#2. Seek agreement on the issues, one at a time. First, process the issues separately, with each church forming a godly merger team to facilitate internal discussions. Second, bring the two merger teams together periodically to pray, listen to each other, share how they and their congregation are feeling about each issue and seek God's mind in unity on one or two issues at a time. We called this our premarital counseling work.
#3. Unite frequently for worship, intercession, fellowship and training. Focus on themes such as: God’s vision for His people to serve one another as more important than themselves; the fame of Christ in the community; how God sometimes gives a new name for a new work and Jesus’ vision for His church to unite with Him and His people to make disciples locally and to the ends of the earth. We called these gatherings our courtship time together.
#4. Decide, with whatever mechanism each church is most comfortable using, whether God is calling you into this union. We were led to divide this process into two phases. The first phase took 4 months. In phase 1 we addressed the first 4 issues identified above and concluded with each church deciding to continue the process. The second phase lasted 5 months. In phase 2 we addressed the remaining 7 issues and concluded with each congregation deciding to merge. These two defining moments in the process were solemn and weighty, knowing that so much was at stake one way or the other. In retrospect, it reminded us of a cautious and prayerful couple making the decision for or against their engagement with the goal of marriage.
#5. Celebrate the process that God led us through and the conclusion He revealed. Since He led us to unite, we called October 10, 1999 our new beginning together. The nine months between the call from Bethel's chairman who brought up the idea of merging and October 10, 1999—the birthday of the Hope Community Church—were quite a journey. Those months included a lot of private prayer, all-church prayer gatherings, joint discussions and prayer meetings, joint services, joint backyard parties, two punches to my face (after I suggested that both groups consider a new church name), an apology one week later, and several reports of merger horror stories. In the end, God led us to a beautiful service in which He was praised and three trees were planted. The first represented the legacy of Bethel; the second, the short history of Park and the third, the birth of Hope.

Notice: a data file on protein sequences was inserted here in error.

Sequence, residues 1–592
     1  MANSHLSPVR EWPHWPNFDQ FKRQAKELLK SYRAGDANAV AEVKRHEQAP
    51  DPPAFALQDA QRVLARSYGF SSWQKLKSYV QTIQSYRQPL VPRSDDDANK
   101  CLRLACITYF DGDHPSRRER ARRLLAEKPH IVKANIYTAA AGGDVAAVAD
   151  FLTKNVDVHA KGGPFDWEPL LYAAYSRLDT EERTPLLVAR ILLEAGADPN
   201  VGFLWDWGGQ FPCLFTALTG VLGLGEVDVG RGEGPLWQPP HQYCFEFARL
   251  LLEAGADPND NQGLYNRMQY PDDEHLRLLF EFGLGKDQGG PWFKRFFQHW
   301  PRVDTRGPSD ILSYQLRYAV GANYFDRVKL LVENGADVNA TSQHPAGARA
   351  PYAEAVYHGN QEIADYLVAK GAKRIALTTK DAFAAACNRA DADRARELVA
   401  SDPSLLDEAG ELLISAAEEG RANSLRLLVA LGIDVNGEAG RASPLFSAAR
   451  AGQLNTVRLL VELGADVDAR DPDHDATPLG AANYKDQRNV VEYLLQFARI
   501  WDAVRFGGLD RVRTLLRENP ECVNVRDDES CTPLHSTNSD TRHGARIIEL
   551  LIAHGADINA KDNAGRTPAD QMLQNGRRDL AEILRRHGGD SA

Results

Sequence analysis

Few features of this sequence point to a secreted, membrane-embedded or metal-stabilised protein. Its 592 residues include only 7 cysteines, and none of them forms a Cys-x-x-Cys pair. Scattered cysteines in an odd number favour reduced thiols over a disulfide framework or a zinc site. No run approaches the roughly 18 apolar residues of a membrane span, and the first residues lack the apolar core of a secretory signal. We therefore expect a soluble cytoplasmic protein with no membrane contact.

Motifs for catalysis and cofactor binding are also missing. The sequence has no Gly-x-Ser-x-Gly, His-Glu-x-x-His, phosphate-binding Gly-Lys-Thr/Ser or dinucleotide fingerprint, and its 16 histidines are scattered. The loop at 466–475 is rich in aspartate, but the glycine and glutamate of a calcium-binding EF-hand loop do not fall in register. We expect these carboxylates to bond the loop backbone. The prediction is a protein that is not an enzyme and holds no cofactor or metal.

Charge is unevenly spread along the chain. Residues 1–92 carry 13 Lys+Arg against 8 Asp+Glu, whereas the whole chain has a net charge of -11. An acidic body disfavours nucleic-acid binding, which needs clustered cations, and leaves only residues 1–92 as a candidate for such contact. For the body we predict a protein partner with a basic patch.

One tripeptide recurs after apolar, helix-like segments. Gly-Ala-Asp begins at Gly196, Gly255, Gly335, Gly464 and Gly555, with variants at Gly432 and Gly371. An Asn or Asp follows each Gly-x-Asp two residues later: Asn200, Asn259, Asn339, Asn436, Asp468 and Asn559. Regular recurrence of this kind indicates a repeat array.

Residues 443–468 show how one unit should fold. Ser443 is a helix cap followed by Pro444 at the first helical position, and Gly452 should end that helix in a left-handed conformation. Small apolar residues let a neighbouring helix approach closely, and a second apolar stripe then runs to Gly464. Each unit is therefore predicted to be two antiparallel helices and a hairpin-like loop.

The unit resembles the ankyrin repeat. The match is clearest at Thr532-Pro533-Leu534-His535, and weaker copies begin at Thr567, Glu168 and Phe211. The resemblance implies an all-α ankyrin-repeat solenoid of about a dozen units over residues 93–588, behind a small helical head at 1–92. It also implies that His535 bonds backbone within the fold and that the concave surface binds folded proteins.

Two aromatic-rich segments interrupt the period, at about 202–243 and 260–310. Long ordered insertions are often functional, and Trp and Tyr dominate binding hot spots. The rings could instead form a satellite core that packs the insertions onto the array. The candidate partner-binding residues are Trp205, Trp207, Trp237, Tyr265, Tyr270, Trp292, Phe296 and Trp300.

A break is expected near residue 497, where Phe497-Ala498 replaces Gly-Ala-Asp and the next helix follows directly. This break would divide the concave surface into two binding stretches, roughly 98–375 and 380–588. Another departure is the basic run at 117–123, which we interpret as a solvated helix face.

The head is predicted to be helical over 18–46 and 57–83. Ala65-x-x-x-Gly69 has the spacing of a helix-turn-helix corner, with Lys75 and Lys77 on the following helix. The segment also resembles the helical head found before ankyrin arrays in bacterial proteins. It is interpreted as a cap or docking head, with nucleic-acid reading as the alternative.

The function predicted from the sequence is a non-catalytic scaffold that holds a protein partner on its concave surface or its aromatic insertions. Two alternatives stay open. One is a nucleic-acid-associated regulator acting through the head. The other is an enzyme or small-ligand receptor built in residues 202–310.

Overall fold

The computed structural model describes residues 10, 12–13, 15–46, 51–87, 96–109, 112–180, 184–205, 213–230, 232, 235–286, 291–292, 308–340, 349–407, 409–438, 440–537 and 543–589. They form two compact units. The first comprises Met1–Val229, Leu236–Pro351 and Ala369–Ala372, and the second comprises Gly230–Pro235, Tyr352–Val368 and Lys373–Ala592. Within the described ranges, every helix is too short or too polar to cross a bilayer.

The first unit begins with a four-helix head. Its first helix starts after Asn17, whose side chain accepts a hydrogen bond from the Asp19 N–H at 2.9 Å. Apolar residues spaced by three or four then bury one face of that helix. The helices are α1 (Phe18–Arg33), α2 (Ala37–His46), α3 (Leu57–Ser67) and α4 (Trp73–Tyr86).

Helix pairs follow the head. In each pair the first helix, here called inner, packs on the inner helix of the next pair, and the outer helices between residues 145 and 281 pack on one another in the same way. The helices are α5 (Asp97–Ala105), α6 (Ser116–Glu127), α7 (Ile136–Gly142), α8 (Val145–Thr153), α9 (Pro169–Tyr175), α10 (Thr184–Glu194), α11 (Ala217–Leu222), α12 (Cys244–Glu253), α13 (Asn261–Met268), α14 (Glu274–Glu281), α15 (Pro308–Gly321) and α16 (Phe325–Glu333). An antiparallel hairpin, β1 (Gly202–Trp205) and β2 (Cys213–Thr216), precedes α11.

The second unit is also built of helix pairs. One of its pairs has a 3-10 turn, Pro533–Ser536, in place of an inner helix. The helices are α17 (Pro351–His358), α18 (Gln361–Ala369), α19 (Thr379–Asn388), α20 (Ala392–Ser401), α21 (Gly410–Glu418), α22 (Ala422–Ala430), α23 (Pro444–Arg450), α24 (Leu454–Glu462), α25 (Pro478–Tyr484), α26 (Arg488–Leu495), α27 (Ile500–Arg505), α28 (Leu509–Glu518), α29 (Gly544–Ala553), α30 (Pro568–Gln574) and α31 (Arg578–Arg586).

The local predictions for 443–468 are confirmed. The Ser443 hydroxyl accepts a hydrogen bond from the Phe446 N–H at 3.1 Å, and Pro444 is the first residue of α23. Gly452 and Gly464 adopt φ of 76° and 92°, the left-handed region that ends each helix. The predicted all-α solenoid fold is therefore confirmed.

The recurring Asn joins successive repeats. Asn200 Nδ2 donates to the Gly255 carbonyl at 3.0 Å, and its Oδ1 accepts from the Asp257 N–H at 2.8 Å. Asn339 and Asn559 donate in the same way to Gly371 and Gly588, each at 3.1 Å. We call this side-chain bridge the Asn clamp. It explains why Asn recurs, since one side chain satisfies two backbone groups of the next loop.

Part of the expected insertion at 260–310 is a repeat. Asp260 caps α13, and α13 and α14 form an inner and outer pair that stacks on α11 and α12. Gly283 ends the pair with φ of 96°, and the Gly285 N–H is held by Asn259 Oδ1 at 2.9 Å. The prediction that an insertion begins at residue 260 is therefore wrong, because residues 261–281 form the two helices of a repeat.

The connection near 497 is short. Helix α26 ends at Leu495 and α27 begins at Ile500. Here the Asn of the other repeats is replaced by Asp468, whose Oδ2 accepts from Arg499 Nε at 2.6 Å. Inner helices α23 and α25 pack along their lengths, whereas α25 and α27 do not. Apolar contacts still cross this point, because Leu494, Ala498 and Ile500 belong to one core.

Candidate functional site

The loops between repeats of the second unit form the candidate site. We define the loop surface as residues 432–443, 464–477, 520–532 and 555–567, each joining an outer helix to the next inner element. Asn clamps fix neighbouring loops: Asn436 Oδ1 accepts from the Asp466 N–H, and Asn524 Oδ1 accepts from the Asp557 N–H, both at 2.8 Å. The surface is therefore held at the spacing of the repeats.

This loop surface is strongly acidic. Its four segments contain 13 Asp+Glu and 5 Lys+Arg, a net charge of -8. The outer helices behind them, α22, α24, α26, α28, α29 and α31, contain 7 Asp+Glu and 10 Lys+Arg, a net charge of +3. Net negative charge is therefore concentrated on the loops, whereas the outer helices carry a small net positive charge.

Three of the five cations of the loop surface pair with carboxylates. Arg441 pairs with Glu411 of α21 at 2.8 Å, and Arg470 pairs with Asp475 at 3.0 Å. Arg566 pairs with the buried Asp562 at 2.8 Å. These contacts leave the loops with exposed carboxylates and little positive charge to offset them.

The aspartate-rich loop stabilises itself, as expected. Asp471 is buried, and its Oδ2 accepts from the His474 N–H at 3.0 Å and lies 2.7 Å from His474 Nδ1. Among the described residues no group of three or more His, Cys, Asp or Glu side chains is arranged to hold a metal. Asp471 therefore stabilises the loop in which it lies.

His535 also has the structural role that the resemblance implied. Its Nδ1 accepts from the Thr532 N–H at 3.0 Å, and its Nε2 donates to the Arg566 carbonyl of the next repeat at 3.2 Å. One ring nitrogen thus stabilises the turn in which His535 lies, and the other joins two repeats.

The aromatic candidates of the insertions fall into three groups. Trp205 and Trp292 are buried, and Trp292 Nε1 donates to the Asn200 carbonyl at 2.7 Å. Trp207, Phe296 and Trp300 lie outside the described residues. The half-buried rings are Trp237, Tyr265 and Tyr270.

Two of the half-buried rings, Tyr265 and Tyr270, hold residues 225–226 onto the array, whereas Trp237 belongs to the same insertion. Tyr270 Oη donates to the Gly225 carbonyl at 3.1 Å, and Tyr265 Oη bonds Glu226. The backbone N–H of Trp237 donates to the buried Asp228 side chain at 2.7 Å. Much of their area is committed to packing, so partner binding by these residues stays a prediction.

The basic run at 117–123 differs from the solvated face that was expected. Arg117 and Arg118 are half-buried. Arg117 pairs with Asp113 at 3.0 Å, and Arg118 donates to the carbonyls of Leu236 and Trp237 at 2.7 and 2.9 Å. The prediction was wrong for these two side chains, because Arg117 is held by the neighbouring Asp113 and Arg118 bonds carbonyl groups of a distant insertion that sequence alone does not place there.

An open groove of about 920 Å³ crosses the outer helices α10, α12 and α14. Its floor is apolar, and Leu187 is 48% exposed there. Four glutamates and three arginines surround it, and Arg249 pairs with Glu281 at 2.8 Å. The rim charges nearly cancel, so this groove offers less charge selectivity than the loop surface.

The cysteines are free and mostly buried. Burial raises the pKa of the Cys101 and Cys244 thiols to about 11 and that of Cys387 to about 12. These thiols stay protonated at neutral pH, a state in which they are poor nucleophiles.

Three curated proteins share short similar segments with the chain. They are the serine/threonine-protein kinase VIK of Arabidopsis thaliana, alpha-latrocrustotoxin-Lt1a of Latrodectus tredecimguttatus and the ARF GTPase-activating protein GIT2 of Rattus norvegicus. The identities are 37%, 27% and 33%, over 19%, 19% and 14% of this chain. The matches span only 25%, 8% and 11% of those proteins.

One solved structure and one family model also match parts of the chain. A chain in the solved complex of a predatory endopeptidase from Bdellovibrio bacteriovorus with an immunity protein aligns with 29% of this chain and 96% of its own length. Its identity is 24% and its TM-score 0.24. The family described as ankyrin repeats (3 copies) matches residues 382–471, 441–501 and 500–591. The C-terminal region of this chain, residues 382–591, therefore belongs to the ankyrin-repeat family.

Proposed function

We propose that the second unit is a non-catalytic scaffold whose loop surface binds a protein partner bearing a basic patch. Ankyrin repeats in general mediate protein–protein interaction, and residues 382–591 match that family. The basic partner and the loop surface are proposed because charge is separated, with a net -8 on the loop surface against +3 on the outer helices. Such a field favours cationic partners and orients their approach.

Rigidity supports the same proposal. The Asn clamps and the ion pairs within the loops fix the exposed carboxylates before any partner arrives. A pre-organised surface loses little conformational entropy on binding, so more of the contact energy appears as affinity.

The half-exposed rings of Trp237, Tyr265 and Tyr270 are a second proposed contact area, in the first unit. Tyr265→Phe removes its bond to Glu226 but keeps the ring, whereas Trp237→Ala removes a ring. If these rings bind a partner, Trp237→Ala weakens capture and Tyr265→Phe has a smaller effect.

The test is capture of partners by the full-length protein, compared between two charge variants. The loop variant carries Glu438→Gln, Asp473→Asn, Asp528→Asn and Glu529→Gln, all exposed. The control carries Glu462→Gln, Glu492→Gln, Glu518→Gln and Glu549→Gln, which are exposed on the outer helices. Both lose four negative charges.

Today, Hope is a seventeen-year-old intergenerational community seeking to unite with Christ and His followers everywhere to multiply disciples throughout our city and to the ends of the earth. Like any adolescent, many things are yet to mature and others are going well.
If you are sensing God may be calling you to participate in a church merger process, I hope that our testimony is helpful. Remember to trust the Lord, practice patience, and lead with love and grace.
Dean Wertz serves as the Lead Pastor of Hope Community Church in Denver, Colorado. He is grateful for his amazing wife, daughter and son. Dean earned his M.Div at Denver Seminary. His passion is to help lead people into an abiding relationship with Jesus Christ for God's glory and their joy. Feel free to contact Dean at email@example.com.